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WhenWorks Offers Self-Service Scheduling for Appointments or Office Hours

Are you in a job where people need to make appointments to see you? Perhaps you’re a Mac consultant who provides guaranteed phone support during certain hours of the day. Maybe you’re a college professor who has office hours for students. Or perhaps you’re a massage therapist who sees clients throughout the day.

Regardless, how do you book your time without dealing with each person individually? Wouldn’t it be nice if you could simply specify when you were available and let people schedule themselves online, without requiring a back-and-forth negotiation about what time is best?

A variety of Web-based services have taken a swing at this problem, such as Calendly, but iOS 11 users have a new app and service, called WhenWorks, that provides a fresh approach. Created by John Chaffee, co-founder of BusyMac and co-creator of the popular but now-defunct Now Up-to-Date, WhenWorks leverages his decades of experience in the calendaring space to simplify the process of making time available and booking appointments.

With WhenWorks, you can let people sign up for appointments with you, on days and times you set, and for amounts of time you specify. WhenWorks also tracks your personal calendars (on iCloud, Google Calendar, and Exchange—whatever you have configured on your iOS device), so if you add an event for a lunch meeting or doctor appointment of your own, that time automatically becomes unavailable for booking.

Anyone can use WhenWorks for free for up to five appointments per month. If you want to extend that to an unlimited number of appointments, there’s a $5-per-month or $50-per-year WhenWorks Pro subscription.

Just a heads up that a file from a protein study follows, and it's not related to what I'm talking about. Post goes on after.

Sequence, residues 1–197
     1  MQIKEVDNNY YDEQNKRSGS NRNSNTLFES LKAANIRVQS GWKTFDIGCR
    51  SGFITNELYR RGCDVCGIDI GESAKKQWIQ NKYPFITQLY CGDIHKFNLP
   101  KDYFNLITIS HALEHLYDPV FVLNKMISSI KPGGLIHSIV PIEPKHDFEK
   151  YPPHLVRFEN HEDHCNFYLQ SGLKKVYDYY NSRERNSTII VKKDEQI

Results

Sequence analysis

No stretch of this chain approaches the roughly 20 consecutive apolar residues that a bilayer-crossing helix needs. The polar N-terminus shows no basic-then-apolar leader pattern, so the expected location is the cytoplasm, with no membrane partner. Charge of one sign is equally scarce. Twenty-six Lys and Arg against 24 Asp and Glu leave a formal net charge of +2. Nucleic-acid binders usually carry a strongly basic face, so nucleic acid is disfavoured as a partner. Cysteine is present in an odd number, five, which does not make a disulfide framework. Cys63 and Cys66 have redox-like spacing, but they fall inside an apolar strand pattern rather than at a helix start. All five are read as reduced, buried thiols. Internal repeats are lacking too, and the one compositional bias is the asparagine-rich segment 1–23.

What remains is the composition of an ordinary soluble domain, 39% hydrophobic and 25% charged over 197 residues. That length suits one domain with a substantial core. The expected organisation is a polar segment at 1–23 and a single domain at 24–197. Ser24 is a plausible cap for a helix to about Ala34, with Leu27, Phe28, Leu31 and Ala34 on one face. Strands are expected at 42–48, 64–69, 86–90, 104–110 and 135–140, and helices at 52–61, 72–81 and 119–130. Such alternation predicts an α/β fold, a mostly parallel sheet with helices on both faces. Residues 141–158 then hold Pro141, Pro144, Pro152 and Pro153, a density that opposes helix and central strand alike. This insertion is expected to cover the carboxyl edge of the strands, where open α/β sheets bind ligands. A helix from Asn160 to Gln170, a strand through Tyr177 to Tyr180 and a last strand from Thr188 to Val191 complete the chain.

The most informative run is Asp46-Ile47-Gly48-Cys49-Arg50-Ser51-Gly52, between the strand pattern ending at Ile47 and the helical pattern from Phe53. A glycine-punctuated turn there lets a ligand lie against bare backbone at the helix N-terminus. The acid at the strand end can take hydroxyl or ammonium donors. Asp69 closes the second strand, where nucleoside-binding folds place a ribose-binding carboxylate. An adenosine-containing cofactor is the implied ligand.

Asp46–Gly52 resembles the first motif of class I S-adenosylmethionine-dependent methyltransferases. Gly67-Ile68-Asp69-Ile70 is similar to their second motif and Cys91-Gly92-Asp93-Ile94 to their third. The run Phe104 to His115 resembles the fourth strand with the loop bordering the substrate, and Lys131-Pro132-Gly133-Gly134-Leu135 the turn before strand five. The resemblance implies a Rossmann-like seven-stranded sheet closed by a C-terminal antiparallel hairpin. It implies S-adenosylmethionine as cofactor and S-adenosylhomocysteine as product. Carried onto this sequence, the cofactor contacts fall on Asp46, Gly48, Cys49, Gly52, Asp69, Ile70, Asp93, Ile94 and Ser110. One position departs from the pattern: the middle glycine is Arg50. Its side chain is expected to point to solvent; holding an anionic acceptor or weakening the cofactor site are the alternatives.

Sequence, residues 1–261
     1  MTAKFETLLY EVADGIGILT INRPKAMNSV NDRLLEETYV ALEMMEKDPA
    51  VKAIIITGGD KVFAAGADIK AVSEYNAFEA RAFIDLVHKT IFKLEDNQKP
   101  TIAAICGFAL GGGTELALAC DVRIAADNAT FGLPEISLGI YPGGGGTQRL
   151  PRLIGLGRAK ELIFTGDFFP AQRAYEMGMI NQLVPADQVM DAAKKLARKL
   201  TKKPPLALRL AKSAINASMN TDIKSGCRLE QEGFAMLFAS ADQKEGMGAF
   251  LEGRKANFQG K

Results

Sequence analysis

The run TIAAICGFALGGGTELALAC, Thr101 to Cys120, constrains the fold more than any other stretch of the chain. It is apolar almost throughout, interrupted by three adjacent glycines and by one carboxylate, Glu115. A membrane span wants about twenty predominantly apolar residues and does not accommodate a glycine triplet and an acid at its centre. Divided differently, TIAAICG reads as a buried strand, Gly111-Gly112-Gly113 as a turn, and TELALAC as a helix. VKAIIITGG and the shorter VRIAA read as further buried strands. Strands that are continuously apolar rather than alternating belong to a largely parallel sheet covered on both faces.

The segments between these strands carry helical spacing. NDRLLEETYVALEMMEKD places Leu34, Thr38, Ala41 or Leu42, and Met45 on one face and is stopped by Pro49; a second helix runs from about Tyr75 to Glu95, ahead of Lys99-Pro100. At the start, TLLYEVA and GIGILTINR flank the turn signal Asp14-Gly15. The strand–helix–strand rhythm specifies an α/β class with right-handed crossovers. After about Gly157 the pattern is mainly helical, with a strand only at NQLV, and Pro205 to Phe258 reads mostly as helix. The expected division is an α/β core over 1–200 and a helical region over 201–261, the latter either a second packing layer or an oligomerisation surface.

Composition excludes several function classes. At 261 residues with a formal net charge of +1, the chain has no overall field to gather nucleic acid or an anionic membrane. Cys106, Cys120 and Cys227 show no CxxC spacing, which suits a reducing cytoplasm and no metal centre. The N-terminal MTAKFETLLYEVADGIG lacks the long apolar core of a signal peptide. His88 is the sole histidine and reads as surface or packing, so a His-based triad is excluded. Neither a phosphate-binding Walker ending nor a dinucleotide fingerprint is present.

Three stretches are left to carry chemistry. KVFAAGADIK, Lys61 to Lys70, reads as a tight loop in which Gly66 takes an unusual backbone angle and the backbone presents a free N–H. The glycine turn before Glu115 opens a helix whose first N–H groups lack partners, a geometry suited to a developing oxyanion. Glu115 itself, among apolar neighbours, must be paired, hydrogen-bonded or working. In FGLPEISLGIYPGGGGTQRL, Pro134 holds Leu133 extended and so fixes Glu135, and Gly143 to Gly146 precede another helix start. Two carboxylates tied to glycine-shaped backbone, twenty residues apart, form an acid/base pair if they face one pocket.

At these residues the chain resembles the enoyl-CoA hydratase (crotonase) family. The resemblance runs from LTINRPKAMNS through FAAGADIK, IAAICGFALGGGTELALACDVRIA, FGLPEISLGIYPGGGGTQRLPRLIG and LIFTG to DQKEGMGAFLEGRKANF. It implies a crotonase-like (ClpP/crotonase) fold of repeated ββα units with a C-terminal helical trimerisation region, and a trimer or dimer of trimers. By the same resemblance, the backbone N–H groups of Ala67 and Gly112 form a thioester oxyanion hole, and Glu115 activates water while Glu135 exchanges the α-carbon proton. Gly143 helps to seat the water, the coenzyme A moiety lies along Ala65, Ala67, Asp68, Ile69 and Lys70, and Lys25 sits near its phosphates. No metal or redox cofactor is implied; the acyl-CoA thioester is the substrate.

To get started, download the WhenWorks iOS app from the App Store. You’ll need to set up an account to enable your personal Web-based scheduling page, in the app’s Settings screen. From there, you choose which of your calendars it should consult when determining your availability.  Also, you can set whether guests should just receive confirmation email from WhenWorks after booking or also be added to the event as an attendee, which will cause the Calendar app to send email asking them to confirm their attendance.

Screenshots of the WhenWorks settings and options.

Next, you’ll want to set up your event type. Let’s assume you’re a professor, and you have regular 15-, 30-, and 60-minute slots for office hours every Tuesday and Thursday from 3–5 PM. For the event type, you specify the name, icon, optional location, time, and duration. When picking times, you can choose particular days of the week, days of the month, or specific dates, and for each day, it’s easy to add multiple time ranges. That would let you, for instance, book morning and afternoon appointments while ensuring that you always get a lunch break. Events can even have multiple durations, so guests can pick the length of their appointment.

Screenshots of creating a WhenWorks event type.

Any event type can be public—at which point it appears on your personal WhenWorks Web page—or private, which lets you send a link to someone directly so they can pick the best time to get together for coffee, say.

Options abound. You can make sure you have enough time before and after each event to prep and to avoid back-to-back events. You can add a description if the event will be public so people know what to expect. And you can even ask optional or required questions, with the answer types of phone number, text, checkbox (to allow multiple choices), and radio button (to limit to a single choice). Finally, you can add notes to the event that will appear in both the event that’s added to your calendar and the event added to your guest’s calendar.